Bill Bell, Chief Operating Officer of PharmaSafe
Editor’s Note: NCPA invited our Protect Your Pharmacy Now! partners at PharmaSafe to share tips and trends regarding pharmacy crime. This blog is part of a weeklong series on pharmacy safety and security during Protect Your Pharmacy Week and reprinted with permission from our partners at Pharmacists Mutual. Pharmasfe is offering a 10% discount for NCPA members along with a free additional narcotics cabinet shelf with additional discounts and free training are available for members who order before the end of April 2012. For more information on how to receive the NCPA discount, please contact Valerie Briggs at email@example.com
Recently we have seen an interesting change in pharmacy crime. In the past, a large majority of the crimes were initiated and perpetrated by drug users who needed a “fix.” Most of these crimes targeted controlled medications and more specifically pain killers which the assailants were users of. These crimes were often poorly planned and at times occurred spontaneously. This is not the case anymore.
You just don’t see pharmacies blindly targeted any longer. Even when the perpetrator is a user, they do their homework. The availability of very good “intel” is plentiful and anyone can easily educate themselves very quickly on the “how to’s” of successful pharmacy crime. Word on the street spreads fast and specific strategies and plans are shared among peers. Crooks will case the potential target pharmacies prior to committing the crimes, making as many as 5 to 20 visits. They are knowledgeable about prescription drugs and may be familiar with likely police response times. Often, inside information is available from the pharmacy.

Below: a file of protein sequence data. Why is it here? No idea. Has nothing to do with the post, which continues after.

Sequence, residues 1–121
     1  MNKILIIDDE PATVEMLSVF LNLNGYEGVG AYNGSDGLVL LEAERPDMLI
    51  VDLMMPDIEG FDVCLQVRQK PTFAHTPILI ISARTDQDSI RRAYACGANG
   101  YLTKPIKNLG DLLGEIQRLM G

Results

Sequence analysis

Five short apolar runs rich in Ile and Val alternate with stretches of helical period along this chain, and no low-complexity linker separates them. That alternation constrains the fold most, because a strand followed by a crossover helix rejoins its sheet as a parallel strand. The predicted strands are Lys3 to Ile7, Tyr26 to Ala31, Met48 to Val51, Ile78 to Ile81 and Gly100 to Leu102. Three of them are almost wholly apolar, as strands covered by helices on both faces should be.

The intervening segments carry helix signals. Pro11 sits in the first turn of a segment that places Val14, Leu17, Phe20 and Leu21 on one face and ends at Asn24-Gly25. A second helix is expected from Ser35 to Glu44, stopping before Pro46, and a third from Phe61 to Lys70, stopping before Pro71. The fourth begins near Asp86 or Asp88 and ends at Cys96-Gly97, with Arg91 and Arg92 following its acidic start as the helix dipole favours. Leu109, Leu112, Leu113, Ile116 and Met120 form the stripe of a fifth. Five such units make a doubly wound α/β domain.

We are now are seeing crimes that are purely motivated by economics, specifically targeting all high value, brand name drugs, not just the pain meds. Many different drugs and drug classes have become targets because of their high street or black market values. The distribution of black market prescription drugs has become very profitable and now involves sophisticated well-funded groups including organized crime. Career robbers and burglars are moving into the very profitable pharmacy crime arena and away from banks, jewelry and art, which are less productive and more difficult and dangerous targets to successfully attack.
Situations have been identified where drug dealers have been teaching diversion tactics to individuals and sending them to pharmacy tech school. The new tech goes to work for the pharmacy. By knowing the in’s and out’s of the pharmacy, their diversion activities can be difficult to spot. In some cases, the number of diverted doses has exceeded 50,000.
In a robbery or burglary the key for them is the ability to get in and out quickly. Robbers typically complete the crime in 2 to 3 minutes. Chances of being apprehended rise dramatically every minute beyond this time frame and they know it. They have every intention of getting away and choose the softest targets accordingly. Anything and everything you can do that is a visible barrier to the bad guys and will slow them down is a tremendous deterrent. When you enlist hardware and technology as a proactive security strategy which have a pronounced visible presence, crooks very likely will bypass your store for an easier target.